Lab attendance is mandatory and there are no make-up labs. A family crisis or severe illness requiring attention from the infirmary and prohibiting you from all your coursework are acceptable reasons for missing lab and every effort will be made to accommodate you in these exceptional circumstances.
Things to do
- Be on time. At the start of the lab period, there will be a short introduction to the experiment you will perform that day. It is unfair to your partner and to others in the lab if you are not up to speed when the work begins.
- Inform the instructor and/or TA if there is a problem. You will have their immediate attention if you have cut yourself (even if you consider it minor), if something broke and needs cleaning up, or if you are on fire.
- Be aware of all the safety devices. Even though the instructor and TA will take care of emergencies, you should know where to find the first aid kit, the chemical spill kit, the eye wash and the safety shower.
- Keep clutter to a minimum. There are empty cabinets to store your backpacks and jackets. Anything left in the aisles is likely to be stepped on and is a hazard to everyone.
- Be aware of others in the lab. Areas of the room may be crowded at times and you should take care not to bump into your labmates (who may be holding something precious) or to disturb their benchtop experiments.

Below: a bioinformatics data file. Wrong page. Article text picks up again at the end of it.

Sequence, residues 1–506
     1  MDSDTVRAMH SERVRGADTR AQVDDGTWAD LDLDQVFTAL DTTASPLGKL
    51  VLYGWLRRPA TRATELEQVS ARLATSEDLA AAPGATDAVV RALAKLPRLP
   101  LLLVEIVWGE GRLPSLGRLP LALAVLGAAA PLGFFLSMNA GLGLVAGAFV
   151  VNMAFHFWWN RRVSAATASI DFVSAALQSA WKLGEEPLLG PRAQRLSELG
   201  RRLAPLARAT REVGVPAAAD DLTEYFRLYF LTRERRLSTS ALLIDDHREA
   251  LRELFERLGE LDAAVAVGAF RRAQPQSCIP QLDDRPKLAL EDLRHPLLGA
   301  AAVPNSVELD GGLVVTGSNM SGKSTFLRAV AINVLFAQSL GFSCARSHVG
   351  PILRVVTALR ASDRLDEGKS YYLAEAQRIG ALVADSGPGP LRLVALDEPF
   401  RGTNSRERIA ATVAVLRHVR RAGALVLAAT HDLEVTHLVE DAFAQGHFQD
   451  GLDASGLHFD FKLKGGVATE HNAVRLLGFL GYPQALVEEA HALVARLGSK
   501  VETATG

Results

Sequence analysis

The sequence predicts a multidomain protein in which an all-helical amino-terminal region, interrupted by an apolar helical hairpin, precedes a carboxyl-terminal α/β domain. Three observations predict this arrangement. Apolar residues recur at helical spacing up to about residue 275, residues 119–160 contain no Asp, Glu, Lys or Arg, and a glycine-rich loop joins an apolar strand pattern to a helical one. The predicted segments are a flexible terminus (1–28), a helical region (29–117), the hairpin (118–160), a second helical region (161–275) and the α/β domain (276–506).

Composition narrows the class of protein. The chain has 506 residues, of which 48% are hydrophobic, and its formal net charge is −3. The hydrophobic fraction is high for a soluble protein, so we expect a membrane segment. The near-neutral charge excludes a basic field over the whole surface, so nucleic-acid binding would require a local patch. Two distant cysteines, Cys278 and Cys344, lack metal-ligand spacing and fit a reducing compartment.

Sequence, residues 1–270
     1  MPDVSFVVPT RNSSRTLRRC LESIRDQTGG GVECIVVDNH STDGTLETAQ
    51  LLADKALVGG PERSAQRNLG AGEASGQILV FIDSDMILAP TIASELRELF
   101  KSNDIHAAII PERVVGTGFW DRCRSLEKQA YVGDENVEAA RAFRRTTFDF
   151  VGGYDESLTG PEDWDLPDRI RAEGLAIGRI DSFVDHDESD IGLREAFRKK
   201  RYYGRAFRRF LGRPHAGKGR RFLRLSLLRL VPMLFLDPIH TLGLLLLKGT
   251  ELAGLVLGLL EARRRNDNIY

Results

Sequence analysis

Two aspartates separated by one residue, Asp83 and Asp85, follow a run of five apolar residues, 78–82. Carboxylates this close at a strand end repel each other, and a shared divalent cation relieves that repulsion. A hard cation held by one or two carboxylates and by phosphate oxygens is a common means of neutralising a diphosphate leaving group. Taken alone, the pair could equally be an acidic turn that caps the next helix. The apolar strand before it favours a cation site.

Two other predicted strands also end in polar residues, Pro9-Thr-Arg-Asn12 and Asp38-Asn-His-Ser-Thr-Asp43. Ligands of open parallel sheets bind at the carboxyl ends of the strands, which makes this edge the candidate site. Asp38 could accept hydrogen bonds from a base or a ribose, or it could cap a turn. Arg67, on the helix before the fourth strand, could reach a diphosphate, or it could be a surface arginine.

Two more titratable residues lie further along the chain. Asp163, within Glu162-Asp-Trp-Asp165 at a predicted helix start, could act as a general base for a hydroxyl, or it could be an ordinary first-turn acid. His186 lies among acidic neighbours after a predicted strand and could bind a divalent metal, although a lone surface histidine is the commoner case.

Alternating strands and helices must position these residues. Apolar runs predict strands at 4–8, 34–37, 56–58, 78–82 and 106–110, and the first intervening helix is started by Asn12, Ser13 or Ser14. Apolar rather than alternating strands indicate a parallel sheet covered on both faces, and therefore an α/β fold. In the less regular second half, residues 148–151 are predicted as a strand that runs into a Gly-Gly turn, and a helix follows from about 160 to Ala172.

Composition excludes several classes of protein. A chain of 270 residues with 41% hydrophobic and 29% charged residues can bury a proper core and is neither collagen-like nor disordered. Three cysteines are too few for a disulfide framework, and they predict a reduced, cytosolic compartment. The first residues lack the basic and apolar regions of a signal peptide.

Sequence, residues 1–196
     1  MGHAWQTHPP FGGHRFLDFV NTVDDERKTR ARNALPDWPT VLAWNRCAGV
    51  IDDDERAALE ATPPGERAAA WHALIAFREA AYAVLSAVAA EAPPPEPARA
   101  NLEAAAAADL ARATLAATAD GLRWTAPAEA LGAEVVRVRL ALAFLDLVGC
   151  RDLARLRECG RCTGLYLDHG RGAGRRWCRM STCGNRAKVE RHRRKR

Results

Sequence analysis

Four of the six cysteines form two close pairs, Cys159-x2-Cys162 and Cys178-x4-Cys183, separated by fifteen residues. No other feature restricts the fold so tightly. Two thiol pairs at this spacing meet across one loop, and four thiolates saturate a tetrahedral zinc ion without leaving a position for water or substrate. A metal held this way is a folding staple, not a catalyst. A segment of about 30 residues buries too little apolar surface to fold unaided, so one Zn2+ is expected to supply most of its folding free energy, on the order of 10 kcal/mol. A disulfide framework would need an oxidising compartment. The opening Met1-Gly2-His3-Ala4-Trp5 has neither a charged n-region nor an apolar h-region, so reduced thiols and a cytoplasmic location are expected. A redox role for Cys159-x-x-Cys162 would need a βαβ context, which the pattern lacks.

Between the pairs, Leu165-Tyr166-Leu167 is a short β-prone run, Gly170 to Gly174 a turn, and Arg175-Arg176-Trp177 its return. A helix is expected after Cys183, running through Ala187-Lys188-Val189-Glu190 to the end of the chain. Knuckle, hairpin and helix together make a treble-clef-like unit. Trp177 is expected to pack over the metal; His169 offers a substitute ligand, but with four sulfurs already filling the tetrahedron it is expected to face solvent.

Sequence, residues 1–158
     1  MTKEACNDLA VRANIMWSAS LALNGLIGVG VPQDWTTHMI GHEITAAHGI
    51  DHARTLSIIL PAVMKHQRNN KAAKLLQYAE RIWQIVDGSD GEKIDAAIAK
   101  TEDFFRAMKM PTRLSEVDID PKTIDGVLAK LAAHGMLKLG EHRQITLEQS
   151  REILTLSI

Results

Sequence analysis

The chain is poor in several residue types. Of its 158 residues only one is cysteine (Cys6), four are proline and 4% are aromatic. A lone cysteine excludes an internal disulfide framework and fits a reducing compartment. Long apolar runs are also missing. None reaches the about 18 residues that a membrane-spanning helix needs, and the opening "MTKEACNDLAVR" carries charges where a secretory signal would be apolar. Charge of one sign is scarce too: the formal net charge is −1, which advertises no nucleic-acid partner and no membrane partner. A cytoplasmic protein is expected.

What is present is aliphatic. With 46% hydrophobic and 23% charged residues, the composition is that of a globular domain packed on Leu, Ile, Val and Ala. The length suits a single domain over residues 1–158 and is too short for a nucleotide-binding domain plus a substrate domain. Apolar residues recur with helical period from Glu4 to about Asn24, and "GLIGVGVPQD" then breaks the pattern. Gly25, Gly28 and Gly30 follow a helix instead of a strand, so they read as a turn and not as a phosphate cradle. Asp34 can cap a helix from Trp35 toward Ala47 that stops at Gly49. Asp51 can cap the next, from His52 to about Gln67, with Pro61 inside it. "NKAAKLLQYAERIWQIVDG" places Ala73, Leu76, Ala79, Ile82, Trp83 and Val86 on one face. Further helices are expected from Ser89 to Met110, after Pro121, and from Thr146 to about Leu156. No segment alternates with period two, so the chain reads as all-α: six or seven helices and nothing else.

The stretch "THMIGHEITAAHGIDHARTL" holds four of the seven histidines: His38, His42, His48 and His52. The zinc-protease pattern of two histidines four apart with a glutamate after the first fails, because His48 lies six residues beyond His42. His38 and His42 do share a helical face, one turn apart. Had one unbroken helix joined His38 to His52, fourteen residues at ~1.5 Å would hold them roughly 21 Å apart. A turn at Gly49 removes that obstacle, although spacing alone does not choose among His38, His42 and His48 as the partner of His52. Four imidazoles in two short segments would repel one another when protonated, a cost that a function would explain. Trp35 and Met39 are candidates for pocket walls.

- Wash your hands before you leave the lab for the day.
- Bring your lab notebook and an open mind to every lab meeting.
Things not to do
- Do not eat, drink, chew gum, smoke or apply cosmetics in the lab. Just being in lab makes your hands dirtier than you can imagine and you don’t want to accidentally eat any reagent (see item 6 on “things to do” list).
- Do not work with chemicals until you are sure of their safe handling. This includes some awareness of their flammability, reactivity, toxicity, and disposal.
- Do not touch "non-lab" equipment (including phones, computers, and doorknobs) with gloves on. When removing gloves is inconvenient, use the foot pedals at the sinks or wrap a paper towel around the sink handle.
- Similarly, note that most lab equipment is "gloves on," and you may expose your hands to residues left by a previous user if you leave them bare.
- Do not put pieces of lab equipment in your mouth. It sounds obvious but you’d be surprised!